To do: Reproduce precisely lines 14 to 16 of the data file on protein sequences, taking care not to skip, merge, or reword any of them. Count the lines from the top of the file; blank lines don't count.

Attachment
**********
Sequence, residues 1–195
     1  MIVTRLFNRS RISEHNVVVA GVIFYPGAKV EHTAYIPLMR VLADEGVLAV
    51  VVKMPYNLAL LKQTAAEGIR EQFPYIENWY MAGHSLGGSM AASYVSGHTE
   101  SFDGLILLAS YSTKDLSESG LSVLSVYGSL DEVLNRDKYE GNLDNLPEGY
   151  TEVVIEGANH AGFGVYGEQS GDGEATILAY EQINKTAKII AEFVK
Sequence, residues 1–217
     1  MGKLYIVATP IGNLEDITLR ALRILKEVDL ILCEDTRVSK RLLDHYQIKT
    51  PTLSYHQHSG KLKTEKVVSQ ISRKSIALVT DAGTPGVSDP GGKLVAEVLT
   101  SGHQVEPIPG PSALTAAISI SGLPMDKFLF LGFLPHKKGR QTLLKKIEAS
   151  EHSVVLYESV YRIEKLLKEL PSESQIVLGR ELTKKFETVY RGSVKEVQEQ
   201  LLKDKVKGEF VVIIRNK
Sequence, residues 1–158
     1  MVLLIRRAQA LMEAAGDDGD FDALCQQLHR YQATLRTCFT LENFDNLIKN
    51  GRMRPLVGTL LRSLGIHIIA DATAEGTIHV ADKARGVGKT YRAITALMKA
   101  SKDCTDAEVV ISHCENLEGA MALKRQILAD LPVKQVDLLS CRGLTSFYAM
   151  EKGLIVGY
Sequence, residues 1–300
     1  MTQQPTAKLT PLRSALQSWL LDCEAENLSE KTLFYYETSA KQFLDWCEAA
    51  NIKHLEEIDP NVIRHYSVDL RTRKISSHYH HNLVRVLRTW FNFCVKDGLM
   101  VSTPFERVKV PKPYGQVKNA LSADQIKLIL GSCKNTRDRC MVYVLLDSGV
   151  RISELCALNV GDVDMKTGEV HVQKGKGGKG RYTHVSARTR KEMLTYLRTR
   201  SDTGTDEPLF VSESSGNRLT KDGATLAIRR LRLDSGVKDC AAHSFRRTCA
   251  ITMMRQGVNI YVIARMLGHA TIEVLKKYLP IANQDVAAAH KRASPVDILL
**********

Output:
    51  GRMRPLVGTL LRSLGIHIIA DATAEGTIHV ADKARGVGKT YRAITALMKA
   101  SKDCTDAEVV ISHCENLEGA MALKRQILAD LPVKQVDLLS CRGLTSFYAM
   151  EKGLIVGY